Located within the Constellation of Cassiopeia, the Heart Nebula is one of my favorite objects in the sky to photograph. It's simply a stunning collection of gas and dust sculpted by stellar winds of new stars.

My capture above was taken with the Hubble palette which consisted of using Ha, SII and OIII filters. At the center right is the very core of the Heart Nebula, also called Melotte 15. A small collection of new stars which are partly responsible for the shape of this nebula. The length of the nebula in this photo is roughly 50 light years, and the nebula is 2700 lights years from Earth.

A total of 22.5 hours of exposure (mostly HA) over 5 nights. More stats below:

Skywatcher Esprit 120ED Super APO Triplet ZWO ASI1600mm-Cool Orion Atlas EQ-G Guiding telescopes: Orion ST80 Guiding cameras :ZWO ASI224MC Software: Adobe Photoshop 2020 , PixInsight 1.8 , DeepSkyStacker (DSS) Deek Sky Stacker 4.2.0, Starnet++ Chroma SHO 1.25" mounted Sesto Senso 2 Electronic Focuser

Chroma HA 3nm - 191x300 Chroma OIII 3nm - 29x300 Chroma SII 3nm - 52x300

Finally, for the nerds, a video below which shows all the frames in sequence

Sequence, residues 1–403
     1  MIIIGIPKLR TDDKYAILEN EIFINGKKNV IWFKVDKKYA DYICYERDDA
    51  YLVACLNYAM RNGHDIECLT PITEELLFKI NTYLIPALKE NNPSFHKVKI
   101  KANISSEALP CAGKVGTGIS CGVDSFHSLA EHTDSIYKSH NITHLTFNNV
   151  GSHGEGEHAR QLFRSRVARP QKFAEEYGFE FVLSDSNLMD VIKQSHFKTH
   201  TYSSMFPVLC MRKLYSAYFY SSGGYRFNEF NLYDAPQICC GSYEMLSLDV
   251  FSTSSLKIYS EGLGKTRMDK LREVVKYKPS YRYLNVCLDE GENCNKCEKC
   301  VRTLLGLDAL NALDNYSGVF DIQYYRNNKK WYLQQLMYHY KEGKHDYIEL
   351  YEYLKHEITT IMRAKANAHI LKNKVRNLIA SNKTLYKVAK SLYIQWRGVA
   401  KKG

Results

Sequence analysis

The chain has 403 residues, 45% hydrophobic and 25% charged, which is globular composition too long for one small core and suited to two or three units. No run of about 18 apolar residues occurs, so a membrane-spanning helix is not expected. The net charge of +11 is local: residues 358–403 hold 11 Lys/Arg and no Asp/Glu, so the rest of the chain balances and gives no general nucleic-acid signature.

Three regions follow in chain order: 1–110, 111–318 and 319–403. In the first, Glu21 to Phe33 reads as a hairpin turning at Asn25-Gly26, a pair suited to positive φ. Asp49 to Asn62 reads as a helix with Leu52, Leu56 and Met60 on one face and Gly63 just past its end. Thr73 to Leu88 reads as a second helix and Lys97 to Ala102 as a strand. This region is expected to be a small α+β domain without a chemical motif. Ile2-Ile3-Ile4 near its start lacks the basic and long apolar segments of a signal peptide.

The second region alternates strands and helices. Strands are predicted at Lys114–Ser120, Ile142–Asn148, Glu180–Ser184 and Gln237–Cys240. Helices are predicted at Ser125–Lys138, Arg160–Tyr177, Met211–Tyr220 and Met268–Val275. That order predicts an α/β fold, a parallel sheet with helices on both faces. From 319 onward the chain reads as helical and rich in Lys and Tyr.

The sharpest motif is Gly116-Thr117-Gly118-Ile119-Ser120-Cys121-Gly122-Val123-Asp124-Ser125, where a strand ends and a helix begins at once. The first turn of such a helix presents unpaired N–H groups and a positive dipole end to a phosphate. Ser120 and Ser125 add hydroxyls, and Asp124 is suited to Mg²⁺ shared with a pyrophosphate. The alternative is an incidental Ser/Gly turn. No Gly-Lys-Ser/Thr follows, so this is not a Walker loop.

• Amir

Skywatcher Esprit 120ED Super APO Triplet ZWO ASI1600mm-Cool

Chroma HA 3nm - 380x300 Chroma OIII 3nm - 39x300 Chroma SII 3nm - 40x300

Total exposure time: 38.25 hours

After month of wildfire smoke, it's back to imaging. I started imaging the Wizard nebula before the smoke intervened and already had a lot of Ha (Hydrogen filter) exposure. When the smoke finally went away, of course the moon was out and full.. which meant more Ha exposures. I ended up with a whopping 380x300s exposures with the Ha filter which made the main luminance of this image very clean. This is one of my favorite captures. The Wizard Nebula looks very dynamic and looks like it's in motion. It's a stunning composition with the Hubble palette of colors, with the Oxygen (blues) flowing out away from the nebula.

Mars is almost at opposition... and it's been a long time since it's been so large in the sky. Naturally.. this is something I can't miss, like many other astrophotographers. There is a cost though: sleep. Mars is now appearing high in the night sky around 1-3 am. Oof.. that is brutal for a dad with two young kids. So I set my alarm and woke up at 1:45am, went out and lined everything up and started imaging. Mars looked fantastic and the seeing was excellent (a rarity in Northern California).

After about 2 hours of capture, went back to bed. The next morning, it felt like a truck had run over me. I got some nice images out.. but I'm not doing that again. I have a lot of respect for those who can do this night after night. It takes some getting used to. As for me, I'm mainly a deep sky imager. This also means my deep sky imaging rig is way more advanced than my planetary imaging rig. I set my deep sky imaging rig up at sunset, and turn it on, find my target, and let the automation take care of everything else. I go to sleep at a normal time and wake up with enough energy to deal with the various crises :D